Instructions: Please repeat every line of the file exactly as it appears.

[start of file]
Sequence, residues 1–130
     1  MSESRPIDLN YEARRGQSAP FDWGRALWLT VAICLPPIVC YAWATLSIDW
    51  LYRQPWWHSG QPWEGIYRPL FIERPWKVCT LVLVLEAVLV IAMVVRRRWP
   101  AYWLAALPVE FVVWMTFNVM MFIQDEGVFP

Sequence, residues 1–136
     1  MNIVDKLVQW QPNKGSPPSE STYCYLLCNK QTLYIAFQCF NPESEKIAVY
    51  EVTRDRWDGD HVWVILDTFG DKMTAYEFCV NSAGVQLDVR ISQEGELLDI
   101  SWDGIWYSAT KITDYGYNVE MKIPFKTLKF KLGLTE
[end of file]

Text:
Sequence, residues 1–130
     1  MSESRPIDLN YEARRGQSAP FDWGRALWLT VAICLPPIVC YAWATLSIDW
    51  LYRQPWWHSG QPWEGIYRPL FIERPWKVCT LVLVLEAVLV IAMVVRRRWP
   101  AYWLAALPVE FVVWMTFNVM MFIQDEGVFP

Sequence, residues 1–136
     1  MNIVDKLVQW QPNKGSPPSE STYCYLLCNK QTLYIAFQCF NPESEKIAVY
    51  EVTRDRWDGD HVWVILDTFG DKMTAYEFCV NSAGVQLDVR ISQEGELLDI
   101  SWDGIWYSAT KITDYGYNVE MKIPFKTLKF KLGLTE